Holding back on offers is once again wrecking havoc in my business, and with this particular property, it’s so underpriced there had got to be a law against it!
I’m taking a new client out today and during his very first exposure to the Toronto condo market, I have to explain to him how two of the exact same units can be priced at $299,000 and $375,000 respectively…
I absolutely love referral business!
And no, not just because of the obvious implications; I get new clients, make more money, I have it handed to me, etc…
I enjoy working with referral clients because it’s the greatest compliment I can receive! It means that a past client was so enamoured with my service, professionalism, personality, or some other trait that he or she recommended me to a friend.
I have a certain “in” with a group of about 10-15 kids who met at Queen’s University.
I’ve done about 5-6 deals with their “group,” and each successive client or clients that I meet through the group seems to be more enjoyable to work with than the next. They’re all incredibly witty, sarcastic, spontaneous, and fun-loving. It makes looking at real estate a complete treat.
Later this evening, I’ll be meeting Kyle for the first time, who I was recommended to by the rest of the Queen’s-crew.
Kyle is looking to purchase to jump into the Toronto real estate for the first time and is looking in and around the $325,000 range.
He’s been read the riot act by his friends and family; “Stay away from clusters such as CityPlace, buy something unique, pick a great neighborhood,” etc.
He seems very well prepared in terms of his knowledge of existing real estate, but how does one prepare for the ups and downs of the business itself? When sending him listings yesterday, I passed along a rather confusing message…
I sent him two very similar properties on Brant Street which are both currently for sale.
One is priced at $299,000 and the other at $375,000.
Now I must say that when I first saw this unit on Brant Street listed at $299,000, I did one of these:
I only wish I had that long hair and the super-awesome goatee…
The question-mark danced overtop of my head as I thought, “Brant Street for under $300,000?”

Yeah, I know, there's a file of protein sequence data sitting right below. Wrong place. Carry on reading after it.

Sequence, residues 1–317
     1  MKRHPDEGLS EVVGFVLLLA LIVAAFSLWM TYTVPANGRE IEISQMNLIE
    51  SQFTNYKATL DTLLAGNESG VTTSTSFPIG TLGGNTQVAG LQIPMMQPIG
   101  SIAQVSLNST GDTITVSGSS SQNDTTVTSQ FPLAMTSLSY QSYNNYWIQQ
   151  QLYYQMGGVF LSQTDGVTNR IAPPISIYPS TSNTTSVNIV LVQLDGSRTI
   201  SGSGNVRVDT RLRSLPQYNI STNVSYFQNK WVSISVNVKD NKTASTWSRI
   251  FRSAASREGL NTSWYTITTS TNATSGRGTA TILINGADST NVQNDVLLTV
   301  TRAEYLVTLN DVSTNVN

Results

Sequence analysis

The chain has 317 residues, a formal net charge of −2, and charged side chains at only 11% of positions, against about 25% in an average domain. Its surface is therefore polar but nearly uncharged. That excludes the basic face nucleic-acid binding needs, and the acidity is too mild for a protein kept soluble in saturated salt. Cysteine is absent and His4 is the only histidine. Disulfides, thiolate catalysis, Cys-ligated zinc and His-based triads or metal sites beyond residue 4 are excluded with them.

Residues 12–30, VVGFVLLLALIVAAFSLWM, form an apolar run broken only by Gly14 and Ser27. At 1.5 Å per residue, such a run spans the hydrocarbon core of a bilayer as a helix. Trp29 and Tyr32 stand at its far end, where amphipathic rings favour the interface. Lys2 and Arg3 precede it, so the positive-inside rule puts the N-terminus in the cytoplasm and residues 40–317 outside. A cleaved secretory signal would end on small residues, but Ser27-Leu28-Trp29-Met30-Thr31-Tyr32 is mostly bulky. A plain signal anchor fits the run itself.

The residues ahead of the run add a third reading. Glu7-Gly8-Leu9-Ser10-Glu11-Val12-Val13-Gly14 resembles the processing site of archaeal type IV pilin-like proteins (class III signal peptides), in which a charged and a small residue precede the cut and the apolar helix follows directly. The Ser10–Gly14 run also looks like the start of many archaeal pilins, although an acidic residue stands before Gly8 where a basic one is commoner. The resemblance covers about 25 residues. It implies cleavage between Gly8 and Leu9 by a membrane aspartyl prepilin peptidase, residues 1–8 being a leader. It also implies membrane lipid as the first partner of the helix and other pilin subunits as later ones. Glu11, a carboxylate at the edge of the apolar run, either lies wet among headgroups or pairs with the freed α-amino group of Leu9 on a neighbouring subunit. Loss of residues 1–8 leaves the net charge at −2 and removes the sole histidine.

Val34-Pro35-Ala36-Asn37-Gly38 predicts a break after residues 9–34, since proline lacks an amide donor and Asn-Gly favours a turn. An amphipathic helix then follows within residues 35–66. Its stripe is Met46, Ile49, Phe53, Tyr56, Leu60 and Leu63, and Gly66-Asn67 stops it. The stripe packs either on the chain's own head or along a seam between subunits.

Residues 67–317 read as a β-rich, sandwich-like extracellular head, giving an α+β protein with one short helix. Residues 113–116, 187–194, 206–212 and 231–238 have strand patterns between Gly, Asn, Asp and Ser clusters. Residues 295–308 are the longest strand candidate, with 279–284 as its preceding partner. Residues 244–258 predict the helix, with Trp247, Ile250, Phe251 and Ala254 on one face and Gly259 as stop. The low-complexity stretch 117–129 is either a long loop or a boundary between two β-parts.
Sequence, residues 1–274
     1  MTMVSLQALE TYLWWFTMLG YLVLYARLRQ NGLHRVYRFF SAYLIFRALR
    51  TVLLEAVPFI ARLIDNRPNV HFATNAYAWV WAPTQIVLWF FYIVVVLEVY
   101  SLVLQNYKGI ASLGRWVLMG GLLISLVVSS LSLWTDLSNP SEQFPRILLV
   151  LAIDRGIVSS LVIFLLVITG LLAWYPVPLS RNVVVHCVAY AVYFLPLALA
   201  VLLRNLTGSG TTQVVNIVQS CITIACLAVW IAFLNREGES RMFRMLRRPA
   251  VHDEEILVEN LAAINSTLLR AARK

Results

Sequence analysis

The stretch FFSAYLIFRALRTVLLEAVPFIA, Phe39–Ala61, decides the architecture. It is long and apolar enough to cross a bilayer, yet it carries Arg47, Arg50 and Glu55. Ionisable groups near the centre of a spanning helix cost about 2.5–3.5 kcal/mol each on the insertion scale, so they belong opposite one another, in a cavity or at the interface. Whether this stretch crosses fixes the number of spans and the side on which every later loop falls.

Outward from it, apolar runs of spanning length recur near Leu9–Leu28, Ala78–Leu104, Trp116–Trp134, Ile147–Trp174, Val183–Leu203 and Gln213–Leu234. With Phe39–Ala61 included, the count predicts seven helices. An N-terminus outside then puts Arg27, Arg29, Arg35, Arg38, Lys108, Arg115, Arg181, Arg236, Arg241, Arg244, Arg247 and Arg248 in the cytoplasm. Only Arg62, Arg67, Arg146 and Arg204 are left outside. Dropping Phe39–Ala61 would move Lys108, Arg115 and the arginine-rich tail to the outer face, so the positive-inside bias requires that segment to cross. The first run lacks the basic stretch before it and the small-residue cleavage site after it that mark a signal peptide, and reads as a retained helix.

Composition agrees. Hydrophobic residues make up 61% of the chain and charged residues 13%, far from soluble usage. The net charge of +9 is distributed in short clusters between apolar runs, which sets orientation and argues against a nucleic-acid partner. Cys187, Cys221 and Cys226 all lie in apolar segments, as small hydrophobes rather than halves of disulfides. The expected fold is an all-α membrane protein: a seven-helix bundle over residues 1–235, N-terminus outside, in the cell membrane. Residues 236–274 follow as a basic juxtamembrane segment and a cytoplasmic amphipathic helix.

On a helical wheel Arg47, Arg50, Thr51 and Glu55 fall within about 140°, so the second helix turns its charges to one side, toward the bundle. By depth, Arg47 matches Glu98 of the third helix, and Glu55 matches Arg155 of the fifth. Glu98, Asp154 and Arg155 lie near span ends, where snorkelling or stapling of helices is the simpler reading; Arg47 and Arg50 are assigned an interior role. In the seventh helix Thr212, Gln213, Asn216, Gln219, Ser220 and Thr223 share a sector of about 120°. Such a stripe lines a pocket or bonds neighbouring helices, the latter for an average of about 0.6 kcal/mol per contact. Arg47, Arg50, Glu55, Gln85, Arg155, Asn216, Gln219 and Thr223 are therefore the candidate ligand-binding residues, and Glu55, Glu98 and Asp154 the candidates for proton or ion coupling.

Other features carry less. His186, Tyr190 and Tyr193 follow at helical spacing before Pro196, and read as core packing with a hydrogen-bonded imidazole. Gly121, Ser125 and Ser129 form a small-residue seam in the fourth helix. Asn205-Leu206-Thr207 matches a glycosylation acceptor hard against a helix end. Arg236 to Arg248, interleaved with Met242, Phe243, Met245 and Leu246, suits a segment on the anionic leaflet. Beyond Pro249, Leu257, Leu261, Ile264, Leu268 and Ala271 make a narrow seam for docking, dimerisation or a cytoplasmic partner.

There has been exactly ONE unit to sell at Quad Lofts for under $300,000 in the last two years, and that was at the bottom of the market in January, and for a unit that was in complete disrepair.
Something was amiss here. By all accounts, this unit should be listed at $339,000.
It’s a 1-bedroom-plus-den measuring 750 square feet! Just think about how many Spencer Pratt look-a-likes can give eachother fist-bumps while tightening the belt-buckles on their Seven jeans in that kind of space!
So with a suspicious mind, I scrolled down to the bottom of the listing and of course I found those words, “OFFERS TO BE REVIEWED TUESDAY, JUNE 16th, 2009.”
For some reason, I felt really sick.
Not just frustrated and angry, but physically sick.
This is a $340,000 condo and it’s been listed for under $300,000.
Isn’t there something inherently wrong about this?
What makes the situation almost tragically ironic is that a slightly smaller unit is currently listed for $375,000.
How can there be a $76,000 spread on two units that are almost identical in size?
How can a unit that is 2% larger than another unit be listed at 79.7% of the price?
There is no doubting that the $375,000 unit is overpriced. This building is nuts, but not that nuts!
So what is a seller thinking when he or she identifies that the unit is worth $340,000 and then decides to list it for sale at $299,000?
Tonight, I have to take Kyle to see these two units, and explain to him how the real estate business works.
Here is a kid that wants to buy his first “home” in the city, and he has to juggle the pros and cons of paying 113% of list-price on his very first day of condo-shopping!
I feel sick thinking about a first-time-buyer who has to deal with the dreaded hold-back on offers.
And while I do see many advantages to holding back on offers (as I detailed in my post last week), this situation is making a mockery of the real estate business. They might as well list the property at $1 or $0 for that matter, and may the highest bidder win.
But instead, there are countless first-time-buyers who will see this listing and think, “I’ve got a shot!” They aren’t educated enough about market conditions to know that this unit will never see the light of day under $300,000.
It’s unfair to buyers like Kyle who see a potential home in their price range one second, and then see a bidding war erupt the next.
I see both sides of the business: buying and selling.
So if I had a seller, there is potential that I would be a complete hypocrite and pull some of the same tricks.
But would I list a $330,000 – $340,000 condo at $299K?
Not only your life…